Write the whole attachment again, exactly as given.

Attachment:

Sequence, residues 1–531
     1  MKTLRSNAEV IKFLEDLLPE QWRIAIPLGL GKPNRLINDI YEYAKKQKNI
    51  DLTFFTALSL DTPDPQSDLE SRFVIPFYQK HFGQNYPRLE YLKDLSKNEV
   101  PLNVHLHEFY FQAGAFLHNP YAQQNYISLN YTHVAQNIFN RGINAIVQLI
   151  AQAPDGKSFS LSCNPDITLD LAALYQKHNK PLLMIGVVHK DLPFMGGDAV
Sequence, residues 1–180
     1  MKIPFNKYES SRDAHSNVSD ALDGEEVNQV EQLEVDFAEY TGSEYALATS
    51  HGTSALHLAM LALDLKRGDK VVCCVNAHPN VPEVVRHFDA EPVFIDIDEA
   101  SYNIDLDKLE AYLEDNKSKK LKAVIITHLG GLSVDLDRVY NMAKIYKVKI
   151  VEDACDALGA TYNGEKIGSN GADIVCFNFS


Sequence, residues 1–531
     1  MKTLRSNAEV IKFLEDLLPE QWRIAIPLGL GKPNRLINDI YEYAKKQKNI
    51  DLTFFTALSL DTPDPQSDLE SRFVIPFYQK HFGQNYPRLE YLKDLSKNEV
   101  PLNVHLHEFY FQAGAFLHNP YAQQNYISLN YTHVAQNIFN RGINAIVQLI
   151  AQAPDGKSFS LSCNPDITLD LAALYQKHNK PLLMIGVVHK DLPFMGGDAV
Sequence, residues 1–180
     1  MKIPFNKYES SRDAHSNVSD ALDGEEVNQV EQLEVDFAEY TGSEYALATS
    51  HGTSALHLAM LALDLKRGDK VVCCVNAHPN VPEVVRHFDA EPVFIDIDEA
   101  SYNIDLDKLE AYLEDNKSKK LKAVIITHLG GLSVDLDRVY NMAKIYKVKI
   151  VEDACDALGA TYNGEKIGSN GADIVCFNFS